School counseling book clubs in elementary school are some of my favorite twists on a classic small group counseling. I love sharing a good book, watching students make connections to the characters, seeing first hand my students reading and comprehension levels, and helping them improve their reading. Books clubs provide wonderful opportunities for you to combine social-emotional, academic, and career standards.
5 Tips for a Successful Book Club
When choosing a book, think about what connections your students can make.
I often work with our ELL students in school counseling book clubs and we read Save Me A Seat by Sarah Weeks. When Ravi, a new student from India moves to school he struggles to navigate middle school and quickly tries to befriend the school bully. Joe, a student with APD, is struggling with his own middle school woes - his mom is a cafeteria worker. There are so many opportunities for ELL students , new students, and students with special needs to make connections.
Consider how many sessions your group will meet.
Chapters books are great, but consider asking how long will it take to finish the book. When I use chapter books I have to plan for several months and sometimes even a semester of sessions, due to the length of the book, sessions, and time it takes us to reflect and connect.
I also account for a few minutes at the start of our club to review what we read last time. Consider creating a group routine to help you manage your time if you are using longer chapter books.
During April and May, I use American Girl’s Guide To Starting Middle School for a much shorter school counseling book club. I let the students pick a chapter at the start (or end) of each session that they want to read and discuss. Allowing them to focus on what is personally meaningful means I can conduct a much shorter small group than if we read the entire book.
Think about when is the best time to meet.
I do a lot of lunch bunch groups, which we all know is a struggle. Eating, reading, following along, discussing, wait are you eating? It’s a lot to juggle. Since our school counseling book clubs have a reading/academic focus I’ve been able to get buy-in from teachers to use other times of the day. For example, during our intervention time is a great time to pull students who don’t receive a specific tiered service.
If you are struggling for time, consider a less formal book club with more of a class feel. In years past I have invited my fourth and fifth grade girls to a girls only book club. We either met in my room or I borrowed a teachers classroom during lunch and read An American Girl: Chrissa Stands Strong. I read aloud from my copy as they ate and we found times to “turn and talk” to make connections and share opinions. At the end of the book we celebrated by watching the movie.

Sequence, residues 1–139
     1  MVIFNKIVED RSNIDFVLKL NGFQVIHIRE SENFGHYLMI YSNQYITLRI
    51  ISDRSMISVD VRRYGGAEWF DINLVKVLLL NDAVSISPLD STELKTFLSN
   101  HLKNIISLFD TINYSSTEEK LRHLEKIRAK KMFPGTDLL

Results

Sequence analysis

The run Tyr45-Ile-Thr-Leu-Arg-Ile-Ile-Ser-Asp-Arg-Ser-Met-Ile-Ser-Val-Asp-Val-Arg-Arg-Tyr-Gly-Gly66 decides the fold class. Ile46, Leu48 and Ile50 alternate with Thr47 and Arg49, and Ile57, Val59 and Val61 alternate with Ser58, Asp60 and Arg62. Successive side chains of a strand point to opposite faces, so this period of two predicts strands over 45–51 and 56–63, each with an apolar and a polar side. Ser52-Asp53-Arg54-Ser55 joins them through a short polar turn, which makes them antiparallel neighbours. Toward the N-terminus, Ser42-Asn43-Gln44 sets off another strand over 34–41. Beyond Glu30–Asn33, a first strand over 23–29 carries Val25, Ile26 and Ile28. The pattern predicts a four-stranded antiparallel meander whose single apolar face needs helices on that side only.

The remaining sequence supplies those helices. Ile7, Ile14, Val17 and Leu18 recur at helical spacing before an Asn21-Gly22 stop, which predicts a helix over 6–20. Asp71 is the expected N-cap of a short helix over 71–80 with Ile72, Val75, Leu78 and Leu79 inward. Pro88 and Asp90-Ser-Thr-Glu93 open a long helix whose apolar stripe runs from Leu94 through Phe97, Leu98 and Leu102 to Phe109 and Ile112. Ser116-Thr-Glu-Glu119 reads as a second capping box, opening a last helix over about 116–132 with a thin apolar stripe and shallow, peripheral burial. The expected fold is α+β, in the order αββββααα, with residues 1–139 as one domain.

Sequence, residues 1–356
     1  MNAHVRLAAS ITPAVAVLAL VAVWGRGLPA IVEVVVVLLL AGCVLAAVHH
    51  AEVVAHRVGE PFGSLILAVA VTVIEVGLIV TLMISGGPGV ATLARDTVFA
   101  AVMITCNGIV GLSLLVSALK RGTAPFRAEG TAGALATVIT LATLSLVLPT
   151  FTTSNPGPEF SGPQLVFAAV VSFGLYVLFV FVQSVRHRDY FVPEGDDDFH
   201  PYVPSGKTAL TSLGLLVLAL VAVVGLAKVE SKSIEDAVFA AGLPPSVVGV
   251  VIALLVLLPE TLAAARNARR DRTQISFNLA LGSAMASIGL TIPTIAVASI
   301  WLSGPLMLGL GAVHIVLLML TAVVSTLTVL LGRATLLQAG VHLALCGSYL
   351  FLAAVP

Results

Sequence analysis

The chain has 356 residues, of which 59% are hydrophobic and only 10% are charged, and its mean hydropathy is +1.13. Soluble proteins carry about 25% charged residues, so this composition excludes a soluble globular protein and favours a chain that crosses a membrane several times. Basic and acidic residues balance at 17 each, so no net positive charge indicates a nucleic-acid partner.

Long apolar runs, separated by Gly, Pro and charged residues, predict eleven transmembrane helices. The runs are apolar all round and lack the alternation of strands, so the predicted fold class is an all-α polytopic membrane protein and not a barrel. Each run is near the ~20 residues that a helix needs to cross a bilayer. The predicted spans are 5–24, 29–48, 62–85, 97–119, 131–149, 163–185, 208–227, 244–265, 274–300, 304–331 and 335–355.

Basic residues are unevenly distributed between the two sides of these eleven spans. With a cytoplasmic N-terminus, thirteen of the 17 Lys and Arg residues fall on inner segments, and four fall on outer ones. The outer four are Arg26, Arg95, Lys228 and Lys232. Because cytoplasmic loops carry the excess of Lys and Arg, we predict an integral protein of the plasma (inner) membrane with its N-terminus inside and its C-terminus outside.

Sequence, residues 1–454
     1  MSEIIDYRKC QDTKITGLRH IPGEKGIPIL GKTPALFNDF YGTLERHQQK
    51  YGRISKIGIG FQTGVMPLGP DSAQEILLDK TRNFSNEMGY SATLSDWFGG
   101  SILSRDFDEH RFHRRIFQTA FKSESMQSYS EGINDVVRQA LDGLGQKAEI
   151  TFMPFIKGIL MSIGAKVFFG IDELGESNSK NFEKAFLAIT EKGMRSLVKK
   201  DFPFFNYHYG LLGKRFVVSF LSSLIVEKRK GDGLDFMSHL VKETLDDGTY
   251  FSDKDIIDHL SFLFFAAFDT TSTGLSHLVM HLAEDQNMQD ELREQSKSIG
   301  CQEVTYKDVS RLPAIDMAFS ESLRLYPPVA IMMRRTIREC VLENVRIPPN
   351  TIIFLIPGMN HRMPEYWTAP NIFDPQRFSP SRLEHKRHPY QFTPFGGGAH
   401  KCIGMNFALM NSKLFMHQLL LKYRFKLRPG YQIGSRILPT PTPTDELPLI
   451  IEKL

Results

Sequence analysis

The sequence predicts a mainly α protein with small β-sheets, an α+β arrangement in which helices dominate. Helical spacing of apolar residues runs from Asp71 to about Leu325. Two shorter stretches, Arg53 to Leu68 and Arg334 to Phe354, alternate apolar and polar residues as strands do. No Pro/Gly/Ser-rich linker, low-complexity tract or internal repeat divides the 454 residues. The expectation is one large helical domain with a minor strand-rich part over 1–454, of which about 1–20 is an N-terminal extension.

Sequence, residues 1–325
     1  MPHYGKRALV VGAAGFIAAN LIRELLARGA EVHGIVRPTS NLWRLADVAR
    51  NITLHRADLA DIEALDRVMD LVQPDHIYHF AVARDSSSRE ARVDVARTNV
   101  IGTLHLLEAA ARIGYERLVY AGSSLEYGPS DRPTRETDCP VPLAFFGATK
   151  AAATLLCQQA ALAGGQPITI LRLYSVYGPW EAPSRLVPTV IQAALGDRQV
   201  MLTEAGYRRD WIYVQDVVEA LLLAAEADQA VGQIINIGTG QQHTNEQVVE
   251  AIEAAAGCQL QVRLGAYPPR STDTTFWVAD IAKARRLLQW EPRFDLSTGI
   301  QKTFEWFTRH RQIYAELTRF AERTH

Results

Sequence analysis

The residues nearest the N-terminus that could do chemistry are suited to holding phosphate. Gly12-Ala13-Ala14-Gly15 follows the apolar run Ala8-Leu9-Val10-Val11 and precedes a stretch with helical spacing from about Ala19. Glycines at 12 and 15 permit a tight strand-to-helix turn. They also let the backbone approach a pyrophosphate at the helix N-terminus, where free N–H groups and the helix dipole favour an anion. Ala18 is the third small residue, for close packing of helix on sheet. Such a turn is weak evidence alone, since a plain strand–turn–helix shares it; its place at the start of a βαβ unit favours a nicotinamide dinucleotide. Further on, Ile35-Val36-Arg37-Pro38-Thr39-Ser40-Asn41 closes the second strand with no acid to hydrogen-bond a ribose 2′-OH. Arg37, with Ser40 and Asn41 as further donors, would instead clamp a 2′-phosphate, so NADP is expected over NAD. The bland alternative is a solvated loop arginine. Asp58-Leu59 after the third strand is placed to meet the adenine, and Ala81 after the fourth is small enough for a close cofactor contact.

Ask your librarian about class book sets.
In several schools I have discovered a “book room” filled with class sets of books collecting dust. So often the titles are classics and applicable to my students. Often the teachers don’t have time to use the books or they have also moved on to a newer title, but the books are still relevant and ready to be used. Ask your librarian what happens to old class sets at the end of the year and see if you can check out or become the owner of a few.
Get rid of the paper.
There are some amazing book study guides online and I used to use them all the time. As much as I loved having some great data and activities to show their comprehension and connections, I found that not only did doing paper activities eat away at our time, but the students didn’t enjoy the group as much. Seeing me is a time in their day when they can finally put down their pencils, so now we focus on games and discussions. You can still find wonderful discussion guides online, like this one for The Hundred Dresses.
Need a Good Book?
These are my favorites by topic!
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Relational Aggression, Bullying, Relationships
Middle School Transition
Thinking about running a club? Check out these tips for different types of student clubs school counselors can run.
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